The cockatoo experiment design rules out such factors as these – the bird trying anything and everything and just getting lucky without learning a correct routine. Thus it provides a useful way of assessing problem-solving intelligence.

Hee’s an unrelated vid of a cockatoo opening a lock on a cage door from the inside:

See also: More insights into how smart birds solve problems

There is no tree of intelligence

Are vertebrates really smarter than invertebrates?

6 Replies to “Animal intelligence: Cockatoo cracks lock unassisted

  1. 1
    keiths says:

    Denyse O’Leary:

    This is significant, particularly because birds’ brains are not even organized the same way as mammalian brains. So clearly, intelligence (seen as problem-solving ability) does not depend on brain organization.

    Not quite. Intelligence still depends on brain organization, but it doesn’t depend on mammalian brain organization. Other styles of organization yield intelligence, as birds and cephalopods show.

    If onlookers think I’m being picky, keep in mind that Denyse believes in an immaterial mind separate from the brain, at least in humans. I’m not sure what she thinks about other animals.

  2. 2
    vjtorley says:

    Hi Denyse,

    This is an extremely interesting report. I’m still unpersuaded however that the cockatoos’ behavior qualifies as intelligent in the true sense of the word. Here are a few things to keep in mind:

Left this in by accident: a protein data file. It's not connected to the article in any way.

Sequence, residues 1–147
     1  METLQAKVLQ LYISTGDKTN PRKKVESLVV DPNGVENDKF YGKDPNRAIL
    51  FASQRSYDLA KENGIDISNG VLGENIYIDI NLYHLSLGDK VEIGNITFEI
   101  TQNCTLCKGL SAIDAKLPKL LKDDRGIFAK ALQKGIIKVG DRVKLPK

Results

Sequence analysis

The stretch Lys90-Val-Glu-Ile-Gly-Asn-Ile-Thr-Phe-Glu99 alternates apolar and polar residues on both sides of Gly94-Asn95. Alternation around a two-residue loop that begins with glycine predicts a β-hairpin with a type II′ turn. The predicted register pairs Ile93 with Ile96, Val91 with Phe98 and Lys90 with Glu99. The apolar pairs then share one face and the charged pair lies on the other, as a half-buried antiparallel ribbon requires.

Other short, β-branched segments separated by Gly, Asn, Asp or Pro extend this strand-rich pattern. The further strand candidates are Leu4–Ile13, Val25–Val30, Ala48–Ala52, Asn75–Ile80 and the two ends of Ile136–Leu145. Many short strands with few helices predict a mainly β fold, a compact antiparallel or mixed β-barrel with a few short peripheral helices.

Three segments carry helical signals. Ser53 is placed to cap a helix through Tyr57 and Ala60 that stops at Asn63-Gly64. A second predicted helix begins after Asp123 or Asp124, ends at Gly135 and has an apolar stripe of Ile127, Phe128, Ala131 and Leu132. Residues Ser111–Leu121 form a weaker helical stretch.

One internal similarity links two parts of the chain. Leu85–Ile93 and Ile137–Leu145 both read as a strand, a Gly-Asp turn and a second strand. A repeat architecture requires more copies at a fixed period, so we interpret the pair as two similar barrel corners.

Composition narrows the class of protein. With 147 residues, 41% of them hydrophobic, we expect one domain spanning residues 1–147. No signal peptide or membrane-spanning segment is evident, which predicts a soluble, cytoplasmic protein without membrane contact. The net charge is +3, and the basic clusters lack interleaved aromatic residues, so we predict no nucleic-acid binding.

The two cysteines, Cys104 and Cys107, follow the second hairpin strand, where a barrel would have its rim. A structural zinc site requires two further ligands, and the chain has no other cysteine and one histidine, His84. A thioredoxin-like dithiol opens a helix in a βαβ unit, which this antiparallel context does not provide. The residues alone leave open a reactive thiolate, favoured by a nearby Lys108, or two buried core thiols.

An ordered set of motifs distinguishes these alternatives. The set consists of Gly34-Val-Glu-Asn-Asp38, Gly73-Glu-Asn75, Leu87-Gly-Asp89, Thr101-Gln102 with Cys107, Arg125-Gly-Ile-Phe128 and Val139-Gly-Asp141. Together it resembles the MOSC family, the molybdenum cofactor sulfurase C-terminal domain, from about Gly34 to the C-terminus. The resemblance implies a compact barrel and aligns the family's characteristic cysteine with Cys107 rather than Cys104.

(a) The vast majority of the birds required guidance. “Five birds were successful after some guidance, or with practice, but one of the cockatoos – called Pipin – broke in unassisted in under 2 hours.”

    (b) The one that didn’t require guidance still took two hours to finish the job;

    (c) Trial and error alone may not be sufficient to explain what the cockatoo did, but how about a combination of three unintelligent mechanisms, none of which require insight on the bird’s part: (i) trial and error beak movements in a novel situation; (ii) memory of techniques that worked in previous similar situations; and (iii) instant feedback via touch of objects giving way in response to being pushed in a certain way? I’d bet that those three techniques would suffice to explain what the bird did, given that it took two hours to do the job;

    (d) There was no control testing of human beings solving a similar task, to see how long they took, and whether they used a more efficient procedure for opening the locks;